7. Hi firstly people seem to be mixing terminology.We are all Omnivours whether we choose to eat meat or not.Vegetarianism is not a Biological term but a term to describe a moral, ethical or cultural CHOICE.For this reason other animals can’t be Vegetarian they would be Herbivours.And for basically the same reasons Hitler couldn’t be described as a Vgetarian because he didn’t abstain from meat through CHOICE but because of a medical condition.I have been a Vegetarian for over 30 years.Firstly out of concern for Animal welfare.Is a lifetime of suffering worth 2 minutes of pleasure in our eating it.The average human eats 1000 animals in their lifetime.That’s 1000 animals suffering for a few moments of pleasure.I’m also vegetarian now for health reasons.Independent studies have shown Vegetarians less likely to get cancer and heart desease (the west’s 2 biggest killers)and on average Veggies live longer.I’m also a Veggie for Environmental reasons (the biggest threat facing mankind) Meat production is incredibly harmful to the planet.55 billion animals need watering and feeding. it’s estimated we would need more than one planet to do that and feed the WHOLE human race adequately.Not to mention deforestation, soil erosion,and emmisions from cattle etc.Animals wouldn’t exist in such massive numbers if we didn’t intensively breed them.In short it’s good for the Animal , it’s good for the person and it’s good for the planet…go veggi how many good reasons do you need ? – Ian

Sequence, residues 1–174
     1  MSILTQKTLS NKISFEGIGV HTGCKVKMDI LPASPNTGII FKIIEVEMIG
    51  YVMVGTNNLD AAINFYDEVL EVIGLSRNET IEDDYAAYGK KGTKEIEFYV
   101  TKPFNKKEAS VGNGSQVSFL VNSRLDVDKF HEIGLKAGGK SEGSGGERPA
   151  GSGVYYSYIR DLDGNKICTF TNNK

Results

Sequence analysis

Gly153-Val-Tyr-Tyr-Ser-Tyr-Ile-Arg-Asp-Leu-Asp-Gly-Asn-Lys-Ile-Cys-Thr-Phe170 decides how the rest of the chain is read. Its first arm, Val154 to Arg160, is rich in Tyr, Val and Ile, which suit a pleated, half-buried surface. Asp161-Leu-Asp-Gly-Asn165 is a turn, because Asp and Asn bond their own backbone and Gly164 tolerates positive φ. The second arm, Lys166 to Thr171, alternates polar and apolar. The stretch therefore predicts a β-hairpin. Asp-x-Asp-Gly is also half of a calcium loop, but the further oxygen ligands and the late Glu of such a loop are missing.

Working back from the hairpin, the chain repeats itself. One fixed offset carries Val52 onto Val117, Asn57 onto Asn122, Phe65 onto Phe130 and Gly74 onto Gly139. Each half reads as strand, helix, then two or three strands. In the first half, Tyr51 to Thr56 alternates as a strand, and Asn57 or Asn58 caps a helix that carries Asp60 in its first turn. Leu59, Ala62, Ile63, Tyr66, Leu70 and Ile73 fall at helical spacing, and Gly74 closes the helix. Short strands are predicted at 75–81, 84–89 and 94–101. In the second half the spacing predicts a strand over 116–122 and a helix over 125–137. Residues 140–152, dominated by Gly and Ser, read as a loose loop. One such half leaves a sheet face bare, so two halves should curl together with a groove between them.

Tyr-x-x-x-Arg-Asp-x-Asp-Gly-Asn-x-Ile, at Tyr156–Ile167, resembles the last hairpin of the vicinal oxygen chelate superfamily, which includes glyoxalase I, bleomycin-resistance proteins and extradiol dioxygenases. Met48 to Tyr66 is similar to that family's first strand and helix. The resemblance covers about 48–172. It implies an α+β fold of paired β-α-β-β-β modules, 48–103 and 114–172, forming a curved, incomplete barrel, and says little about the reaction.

8. For anyone interested in the healthiest, happiest diet I’ve found, be sure to check out – it’s full of raw food recipes, and since incorporating lots of vegan, raw foods in my diet, my health has improved dramatically.

  9. I’m vegan. I eat no animal products. My reasons are both health based and ethical.